The length of a person’s gut transit time depends a lot on their diet, but there are other elements involved. Diabetics, for example, often have slower transit times as high blood sugar can decrease sensitivity in the nerves that control bowel movements, and having an underactive thyroid slows many bodily functions, including the bowel. Regularly suppressing the urge to go to the toilet can also result in your bowel holding stools for longer.
Women have a naturally lazier large intestine than men, while high levels of stress will speed up transit time in men and women.
The appearance of your poo can give clues about extremes of gut transit time – tiny nut-like pellets that are hard to pass signify a very slow transit time, while diarrhoea can suggest as little as 10 hours have passed between eating and evacuation.
Outside of these extremes you’ll need to do a simple test to determine your own GTT. “Simply eat 1 tablespoon of sweetcorn or a lot of beetroot and see how long it takes for you to notice corn kernels or a bright pink colouring in the stool,” Kamper says. “But don’t just look once – you need to see how long that hangs around for. It might be that you see the first glimpses in a healthy 18 hours, but if you’re seeing corn kernels 72 hours later then your bowel is still sluggish.”
IMPROVING YOUR TRANSIT TIME
The results of your DIY digestive check-up will help reveal how you should react. Phelps says that a bowel that regularly moves too quickly needs to be checked by a doctor as there might be a medical cause – for example an allergy, intolerance, IBS, inflammatory bowel disease or long-term infection.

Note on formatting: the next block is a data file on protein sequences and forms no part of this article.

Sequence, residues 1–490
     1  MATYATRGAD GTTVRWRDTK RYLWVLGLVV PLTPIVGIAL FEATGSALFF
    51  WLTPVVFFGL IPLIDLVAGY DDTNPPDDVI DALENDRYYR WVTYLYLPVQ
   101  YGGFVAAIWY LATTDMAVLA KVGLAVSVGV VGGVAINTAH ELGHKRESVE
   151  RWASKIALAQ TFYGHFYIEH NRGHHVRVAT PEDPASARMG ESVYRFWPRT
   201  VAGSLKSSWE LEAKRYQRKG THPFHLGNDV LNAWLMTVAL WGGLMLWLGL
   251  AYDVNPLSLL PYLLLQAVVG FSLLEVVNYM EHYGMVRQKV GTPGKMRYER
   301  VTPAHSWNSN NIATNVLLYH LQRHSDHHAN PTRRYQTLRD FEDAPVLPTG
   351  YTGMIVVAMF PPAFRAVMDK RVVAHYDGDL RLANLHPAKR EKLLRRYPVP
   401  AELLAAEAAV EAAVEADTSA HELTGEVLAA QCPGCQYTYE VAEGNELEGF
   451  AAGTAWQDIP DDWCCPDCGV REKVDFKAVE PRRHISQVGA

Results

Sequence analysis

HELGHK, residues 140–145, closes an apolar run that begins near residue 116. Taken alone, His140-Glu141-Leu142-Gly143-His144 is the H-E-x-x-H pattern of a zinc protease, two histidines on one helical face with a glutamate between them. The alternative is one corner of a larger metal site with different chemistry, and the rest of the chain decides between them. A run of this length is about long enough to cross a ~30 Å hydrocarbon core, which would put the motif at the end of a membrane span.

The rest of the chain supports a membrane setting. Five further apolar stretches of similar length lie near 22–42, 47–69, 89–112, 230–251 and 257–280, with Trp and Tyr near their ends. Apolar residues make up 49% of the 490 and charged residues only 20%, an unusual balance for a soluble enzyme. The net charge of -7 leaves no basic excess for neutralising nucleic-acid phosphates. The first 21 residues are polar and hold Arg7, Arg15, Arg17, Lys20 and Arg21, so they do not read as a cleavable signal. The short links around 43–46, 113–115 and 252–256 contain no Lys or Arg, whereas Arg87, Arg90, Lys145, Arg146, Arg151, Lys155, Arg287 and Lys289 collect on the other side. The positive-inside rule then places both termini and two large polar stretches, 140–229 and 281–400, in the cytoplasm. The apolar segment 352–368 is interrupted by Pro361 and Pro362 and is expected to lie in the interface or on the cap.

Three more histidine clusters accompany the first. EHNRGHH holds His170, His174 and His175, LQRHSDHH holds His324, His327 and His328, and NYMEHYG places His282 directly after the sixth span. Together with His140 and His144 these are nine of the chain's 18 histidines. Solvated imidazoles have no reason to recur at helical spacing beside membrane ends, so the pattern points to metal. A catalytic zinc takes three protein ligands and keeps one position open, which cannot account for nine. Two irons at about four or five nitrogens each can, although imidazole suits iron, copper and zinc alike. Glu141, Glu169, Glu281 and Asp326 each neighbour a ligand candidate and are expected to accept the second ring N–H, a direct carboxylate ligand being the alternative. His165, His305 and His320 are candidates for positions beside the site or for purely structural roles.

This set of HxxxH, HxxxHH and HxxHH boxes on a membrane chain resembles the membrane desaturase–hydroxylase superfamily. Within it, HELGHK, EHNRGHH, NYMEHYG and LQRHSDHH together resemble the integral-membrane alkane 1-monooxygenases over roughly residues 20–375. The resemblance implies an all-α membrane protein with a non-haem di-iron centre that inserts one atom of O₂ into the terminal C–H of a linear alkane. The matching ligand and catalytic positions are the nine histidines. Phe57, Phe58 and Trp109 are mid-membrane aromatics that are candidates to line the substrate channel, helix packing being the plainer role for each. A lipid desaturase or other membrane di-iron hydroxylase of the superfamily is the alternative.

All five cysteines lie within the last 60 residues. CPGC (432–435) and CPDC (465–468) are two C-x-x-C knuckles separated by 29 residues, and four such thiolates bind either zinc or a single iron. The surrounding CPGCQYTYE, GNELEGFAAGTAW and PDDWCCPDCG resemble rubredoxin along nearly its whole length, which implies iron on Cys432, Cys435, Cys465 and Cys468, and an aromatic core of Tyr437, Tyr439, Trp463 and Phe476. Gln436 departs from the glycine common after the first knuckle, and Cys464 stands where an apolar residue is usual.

More common, though, is a sluggish bowel that needs help speeding up, and that can easily be tackled at home. It probably won’t surprise you to learn that the number-one way to do this is to increase the level of fibre in your diet. Fibre actively speeds up how fast food moves through the gut.
“Everyone thinks this is boring advice and that they’re getting all the fibre they need if they eat breakfast cereal, but very rarely do people eat the amount we actually need,” Kamper says.
In fact, to reach the 25-30g of fibre recommended daily you’d need to eat two Weet-Bix with a pear (10g), three cups of vegetables ( about 12g) and 1 or 2 cups of brown rice ( 3g each) daily – and that’s a mix of high fibre sources. Most of us consume far lower fibre options.
Hydration is also key as water makes up about 75 per cent of faeces. Water also swells fibre, increasing its ability to stimulate the gut wall.
Exercising speeds up gut transit time as well. And it’s important to listen to Mother Nature when she calls, so you don’t reset your internal signals. One thing that’s not yet clear is the role of probiotics in all this. Some studies have shown they can speed up transit times in people with constipation, but recent studies have also shown that the more types of bacteria someone has in their stool the slower their gut transit time, which might mean they’re not so helpful in every case.
A healthy GTT should be about 12- 48 hours “If you’re seeing corn kernels 72 hours later your bowel is still sluggish”